Colorado Creatives

100 Colorado Creatives 3.0: Alex Weimer

#67: Alex Weimer

Alex Weimer is the Bug Theatre, overseeing the indie venue’s day-to-day operations, from backstage to the front of the house, as it continues to prove that small is good, supporting such time-tested entertainments as the variety show Freak Train, the Emerging Filmmakers Project, Equinox Theatre Company and various comedy showcases. True to its beginnings as a neighborhood nickelodeon, the Bug brings the underground aboveground and keeps people laughing all the way. What inspires Weimer to keep his little vaudevillian incubator in the Navajo Street Arts District rolling? Here are his answers to the 100CC questionnaire.
If you could collaborate with anyone in history, who would it be, and why?

Mack Sennett or Hal Roach. My memory, as it is, tells me my earliest belly laughs were from watching slapstick. I love that stuff. I admire the skill it takes. As big as a fan I am of the work done in the early part of the last century, Harold Lloyd, Chaplin, Keaton, Laurel and Hardy, Our Gang, etc., I know very little about it. So, kill your heroes! Maybe Sennett and Roach were complete bastards…I have no idea. Those people made a lot of funny, however.
Who in the world is interesting to you right now, and why?
Since I was little, sneaking listens to my sister’s George Carlin albums, standup comedy has interested me intensely. At first it was because of the curse words I wasn’t supposed to be hearing. Later — recently, in fact — I realized the monumental importance of comedians. They point to and dissect the human condition like no other profession. I wouldn’t go so far as to say philosophy is bullshit — Nietzsche could be pretty damn funny — but the light that standup comedy shines on our brains…man, do we need that. I cannot do it, myself; I’ll leave it to the professionals. The comedy scene in Denver in the last few years really saved my life. Meeting the people in it and occasionally working with and/or for them has been such a great experience.
What's one art trend you want to see die this year?
Insurance commercials.
What's your day job?
I work mostly at the Bug Theatre, where I am executive artistic director, technical director and janitor. I have worked there for eighteen years with many, many extraordinary people. And some schmucks, too, but I love it. I love my job! And all the different shows that get on the Bug stage, from meh to pro. I don’t know if people know the breadth of what happens there. It is an important place for art to grow and for it to be presented, and the people of Denver seem willing to fight for that. We fight for them to fight for art so they can fight for a place to fight for art. Film, theater, dance, standup, music — or all of it at the same time. That’s what happens there. And that is my day job.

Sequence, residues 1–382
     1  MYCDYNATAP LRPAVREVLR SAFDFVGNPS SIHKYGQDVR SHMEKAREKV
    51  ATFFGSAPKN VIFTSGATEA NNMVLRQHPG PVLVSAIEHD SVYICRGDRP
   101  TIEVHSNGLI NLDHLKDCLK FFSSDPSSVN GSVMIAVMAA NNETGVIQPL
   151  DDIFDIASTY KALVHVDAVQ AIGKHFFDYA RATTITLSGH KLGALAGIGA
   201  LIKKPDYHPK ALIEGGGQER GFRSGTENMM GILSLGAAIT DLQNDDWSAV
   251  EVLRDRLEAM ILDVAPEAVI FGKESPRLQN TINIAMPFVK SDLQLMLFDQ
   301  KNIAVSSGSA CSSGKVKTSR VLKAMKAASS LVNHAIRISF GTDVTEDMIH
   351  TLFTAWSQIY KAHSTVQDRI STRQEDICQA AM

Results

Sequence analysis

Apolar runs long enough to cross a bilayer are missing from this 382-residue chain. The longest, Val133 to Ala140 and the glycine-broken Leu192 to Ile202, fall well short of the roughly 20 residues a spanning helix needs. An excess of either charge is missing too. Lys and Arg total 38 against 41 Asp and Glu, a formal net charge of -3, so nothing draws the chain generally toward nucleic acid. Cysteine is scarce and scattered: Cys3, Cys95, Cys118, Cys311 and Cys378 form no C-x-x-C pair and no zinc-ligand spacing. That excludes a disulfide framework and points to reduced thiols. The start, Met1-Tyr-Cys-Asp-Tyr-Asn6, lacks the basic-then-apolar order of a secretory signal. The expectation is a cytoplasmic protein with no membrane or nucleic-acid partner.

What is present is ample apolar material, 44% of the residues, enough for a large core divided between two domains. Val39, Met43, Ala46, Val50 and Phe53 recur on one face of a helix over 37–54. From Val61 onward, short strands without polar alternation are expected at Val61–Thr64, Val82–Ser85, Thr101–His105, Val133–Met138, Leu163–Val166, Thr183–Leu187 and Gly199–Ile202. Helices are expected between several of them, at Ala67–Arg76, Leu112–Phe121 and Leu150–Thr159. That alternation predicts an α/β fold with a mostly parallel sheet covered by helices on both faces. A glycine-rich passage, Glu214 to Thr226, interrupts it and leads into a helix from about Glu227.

A mystery patron offers you unlimited funds for life. What will you do with it?
What we are doing now. Except there would be a rooftop gallery/blackbox/restaurant/classroom, and the entire floor of the theater would rotate, so you could choose seats or sit on an empty floor.
Denver, love it or leave it? What keeps you here — or makes you want to leave?
I’m staying. What the hell else am I gonna do? I was born in Colorado, moved away for a decade-ish, did East Coast to West Coast, and then came back. I like the weather here. And the people. I know why one would leave, and why they would come back. Hopefully, I will still be able to fuckin’ afford to live here.
What's the one thing Denver could do to help the arts?

Vote for the renewal of the SCFD this fall. Holy jeez, is that organization important. So many nonprofit organizations would be dust without them. And leave your house and go out to see a show. I have Netflix, too. It’s awesome. The live experience, though, is where the spirit gets infused. Not always easy to do, though, and I am a hypocrite.
Who is your favorite Colorado Creative?
Uh-uh. No way I’m answering that. I am friends with or work with some of them. I leave someone out, the next thing I know…someone has covered me with paint and clay, made a coat out of me, stapled a license plate or a cow bone to my forehead and is making fun of me from a stage.
What's on your agenda in the coming year?
Keeping the Bug Theatre operational, and working with the people who make it possible.
Who do you think will get noticed in the local arts community in the coming year?
Someone who figures out a way to attractively cover all these fugly new buildings?

Keep up with goings-on at the Bug Theatre online
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